3. Set the delegate and you will start to receive the restored information (if any) from the callback centralManager(_:willRestoreState:) of the CBCentralManagerDelegate in a form of a dictionary.

If you handle only one central you can just instantiate it with same identifier without reading the identifier from the dictionary.

I will trigger crashes using kill(getpid(), SIGKILL)to better simulate a kill from the system.
State preservation/restoration behaves differently depending on the circumstances that closed the application .

Specifically if a user kill the app, state restoration will never be triggered by the system, but only after you will launch the application manually and you must be prepared for that.
Note that state restoration works only if one of this situation has been interrupted:

  • connection with a peripheral ( connected, connecting, or after a connect command)
  • scan

In other cases no callback will be received by the CBCentralManager instance, so basically if your app has been disconnected from the peripheral before killing it and you didn’t respond by any means to that event nothing will be restored.

What happens if I’m scanning and my app get killed by the system while scanning?

What happens if I launch a connection while the device is not turned on and my app get killed by the system?

What happens if I’m connected and my app get killed by the system?

What happens if I’m connected and my app get killed by the system and the peripheral move out range or is turned off?

What happens if I’m connected listening to a characteristic and my app get killed by the system?

CONCLUSION

An important concept can be taken from here. It’ s always up to you to decide what you want to do when restoration kicks in, the system will only provides you the last known state.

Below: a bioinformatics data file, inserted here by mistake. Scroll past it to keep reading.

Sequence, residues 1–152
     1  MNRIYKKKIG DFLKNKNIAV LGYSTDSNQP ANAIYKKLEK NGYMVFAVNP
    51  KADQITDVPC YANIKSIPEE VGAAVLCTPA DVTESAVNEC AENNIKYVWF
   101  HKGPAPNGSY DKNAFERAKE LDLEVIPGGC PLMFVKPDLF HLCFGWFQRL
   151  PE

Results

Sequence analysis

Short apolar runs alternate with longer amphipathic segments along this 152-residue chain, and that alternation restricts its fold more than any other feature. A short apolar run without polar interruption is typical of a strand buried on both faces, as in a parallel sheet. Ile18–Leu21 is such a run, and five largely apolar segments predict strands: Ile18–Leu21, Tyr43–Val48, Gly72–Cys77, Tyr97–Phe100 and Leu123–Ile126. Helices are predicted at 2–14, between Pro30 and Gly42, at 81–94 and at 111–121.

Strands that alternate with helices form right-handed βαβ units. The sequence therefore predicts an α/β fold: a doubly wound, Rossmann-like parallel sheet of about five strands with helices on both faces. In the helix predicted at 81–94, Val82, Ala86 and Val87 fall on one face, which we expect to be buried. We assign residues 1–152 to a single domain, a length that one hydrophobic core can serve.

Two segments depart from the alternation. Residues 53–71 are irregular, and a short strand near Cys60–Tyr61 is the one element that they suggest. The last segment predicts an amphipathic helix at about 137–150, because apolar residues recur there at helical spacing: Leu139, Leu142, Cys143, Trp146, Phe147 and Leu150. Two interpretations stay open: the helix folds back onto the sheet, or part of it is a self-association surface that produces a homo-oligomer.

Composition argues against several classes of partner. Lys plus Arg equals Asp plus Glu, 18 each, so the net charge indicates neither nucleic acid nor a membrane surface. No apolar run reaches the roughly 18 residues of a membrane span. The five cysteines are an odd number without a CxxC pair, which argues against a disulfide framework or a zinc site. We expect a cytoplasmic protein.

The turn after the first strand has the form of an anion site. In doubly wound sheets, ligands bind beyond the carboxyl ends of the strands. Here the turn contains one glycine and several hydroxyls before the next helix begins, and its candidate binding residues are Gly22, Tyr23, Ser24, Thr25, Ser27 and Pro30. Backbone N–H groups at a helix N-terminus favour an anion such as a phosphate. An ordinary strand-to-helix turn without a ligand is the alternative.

There is nothing special under the hood. If a peripheral disconnect while your app is not running, the system will reopen the application, as soon as you instanciate a CBCentralManger and set its delegate you will start to receive the last callback received from the system, from here you must decide if you want to schedule another connection or leave the peripheral disconnected. In the first case as soon as the peripheral is available a connection will be established.

Same for a peripheral that is notifying, if the system kills your app while is being notified, the system will keep the connection with the subscription active, when the system decide it will open your application again by giving you back the peripheral and as soon as you set the peripheral delegate you will start to receive the values from the subscribed characteristic.

The library I’m building it does more. On one hand you can set a restore handler and an autoconnection handler with the two set your app will always try to keep your peripheral connected.

On the other hand you can avoid using the handlers and attach subscribers to the publishers of connection events and state restoration, in this case, as it does Core Bluetooth, you must decide what to do with those informations.

If you want to check my library is opensource and published on Github at this link.